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The Spy Who Loved Me proved that Bond was back. However the real sensation in 1977 was Star Wars. As Bond created spy mania, so Star Wars spawned sci-fi mania. Film studios wanted to cash in on the new craze. And so did Bond.
The next Bond film was meant to be For Your Eyes Only, but that film got shelved for Ian Fleming's third novel, published in 1955, Moonraker – the only novel with space connotations. Bond was going to space.
Certainly it made good financial sense, but it reeked of cynicism. Following current cinematic trends, be it blaxploitation in Live and Let Die, kung fu in The Man With The Golden Gun, or now space high jinks in Moonraker, hinted at the filmmakers going for the safe option and creative bankruptcy. At least with Spy the Bond franchise was cannibalizing itself. Still, with Moonraker the filmmakers were almost guaranteed success, securing the long term health of the Bond series.
With United Artists ratcheting the budget to a quite astronomical $32 million, Cubby needed Moonraker to be successful, not only because of the enormous outlay, but also to carry forward the good feelings from Spy. Yet it was the previous film, as Moonraker's running costs mounted up, that convinced U.A. to keep increasing the budget. Judging by Spy's box-office receipts, U.A felt confident of recouping Moonraker's expense.
The film industry was getting more and more expensive by the year. Not helping matters were the British government and their prohibitive tax laws. Therefore the heartbreaking decision was made to leave Pinewood and set up shop in France, whose tax laws were more conducive to creative powers. Pinewood would only be used for the special effects.
Cubby reassembled the crew that made Spy such a triumph: Derek Meddings, Miniatures/Special Effects; Ken Adam, Production Design; John Glen, Editor and 2nd Unit Director; Lewis Gilbert, Director and Christopher Wood as Screenwriter. Making a welcome return was John Barry as composer.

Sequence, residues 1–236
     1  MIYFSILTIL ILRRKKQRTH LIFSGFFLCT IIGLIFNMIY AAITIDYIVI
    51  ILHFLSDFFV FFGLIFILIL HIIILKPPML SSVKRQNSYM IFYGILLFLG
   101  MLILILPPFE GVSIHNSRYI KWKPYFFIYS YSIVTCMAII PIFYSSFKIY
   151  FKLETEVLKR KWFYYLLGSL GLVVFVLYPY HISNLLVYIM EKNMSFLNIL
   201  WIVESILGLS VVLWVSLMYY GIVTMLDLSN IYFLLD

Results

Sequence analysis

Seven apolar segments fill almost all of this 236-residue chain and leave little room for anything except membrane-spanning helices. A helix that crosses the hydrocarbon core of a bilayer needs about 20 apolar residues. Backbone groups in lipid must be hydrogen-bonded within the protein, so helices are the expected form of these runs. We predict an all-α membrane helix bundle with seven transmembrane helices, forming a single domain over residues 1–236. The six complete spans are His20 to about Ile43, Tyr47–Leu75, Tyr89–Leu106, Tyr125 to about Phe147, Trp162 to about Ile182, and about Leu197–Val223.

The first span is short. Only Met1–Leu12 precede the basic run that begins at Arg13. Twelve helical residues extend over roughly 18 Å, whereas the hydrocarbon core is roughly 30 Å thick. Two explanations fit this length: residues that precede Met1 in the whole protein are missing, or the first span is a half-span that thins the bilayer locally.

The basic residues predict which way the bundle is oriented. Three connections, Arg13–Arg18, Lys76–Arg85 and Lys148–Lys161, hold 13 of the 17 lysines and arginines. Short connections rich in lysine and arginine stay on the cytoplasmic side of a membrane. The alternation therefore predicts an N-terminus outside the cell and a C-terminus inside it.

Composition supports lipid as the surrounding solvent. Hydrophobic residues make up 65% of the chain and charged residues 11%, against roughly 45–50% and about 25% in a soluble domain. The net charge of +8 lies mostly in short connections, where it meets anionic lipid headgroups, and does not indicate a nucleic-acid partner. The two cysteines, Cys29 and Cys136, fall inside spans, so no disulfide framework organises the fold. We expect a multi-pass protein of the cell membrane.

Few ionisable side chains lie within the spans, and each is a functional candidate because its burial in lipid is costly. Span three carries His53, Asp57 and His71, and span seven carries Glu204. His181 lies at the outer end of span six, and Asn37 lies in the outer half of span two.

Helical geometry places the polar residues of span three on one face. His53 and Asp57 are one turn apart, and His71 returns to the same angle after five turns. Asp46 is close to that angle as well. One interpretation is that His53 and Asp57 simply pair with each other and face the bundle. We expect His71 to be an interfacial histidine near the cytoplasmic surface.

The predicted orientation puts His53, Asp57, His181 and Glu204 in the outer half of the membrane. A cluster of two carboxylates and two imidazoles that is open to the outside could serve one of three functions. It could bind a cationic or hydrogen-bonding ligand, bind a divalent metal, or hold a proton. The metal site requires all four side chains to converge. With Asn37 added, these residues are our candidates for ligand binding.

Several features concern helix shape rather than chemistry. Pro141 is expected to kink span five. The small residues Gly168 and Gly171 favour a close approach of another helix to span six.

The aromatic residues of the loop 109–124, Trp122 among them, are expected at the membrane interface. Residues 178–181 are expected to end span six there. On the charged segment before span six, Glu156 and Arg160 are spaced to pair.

Moonraker is an epic film, both in size and scope. Multiple units shot the film around the world, from Venice to Rio and from California to the Iguazu Falls - Moonraker is the most extravagant, lavish Bond film.
However, too much energy is spent on set pieces and spectacle, and not enough attention is forwarded to the plot. Lewis Gilbert, and an uncredited Tom Mankiewicz, devised the plot. Ever since You Only Live Twice, the story of the Bond films came from a committee meeting, and location scouting, to see what new adventures the filmmakers could conceive for Commander Bond's latest exploits. It was left up to Wood to put these ideas into a coherent screenplay.
For example, Michael G. Wilson devised the thrilling PTS. Several of these ideas were put on ice, the prime one being the micro-star jet, that forms the basis to Octopussy's PTS in 1983.
Essentially Moonraker is Spy, in space. Instead of Stromberg, the villain of Spy who was orchestrating a nuclear war so he could live in peace in his underwater city, Hugo Drax's scheme is to wipe out the human race and repopulate it from the heavens. In two consecutive films, the villain’s plot involves mass genocide - the mad billionaire who wants to eliminate the entire population. The plot of Moonraker is simple, a narrative designed to pull the audience from one set piece to the next.
Moonraker's première was fortuitously in the same month that NASA's space shuttle was to be unveiled. Cubby, marketer that he was, widely announced that Moonraker was “science fact, not science fiction”. As it turned out, the space shuttle was delayed until 1981.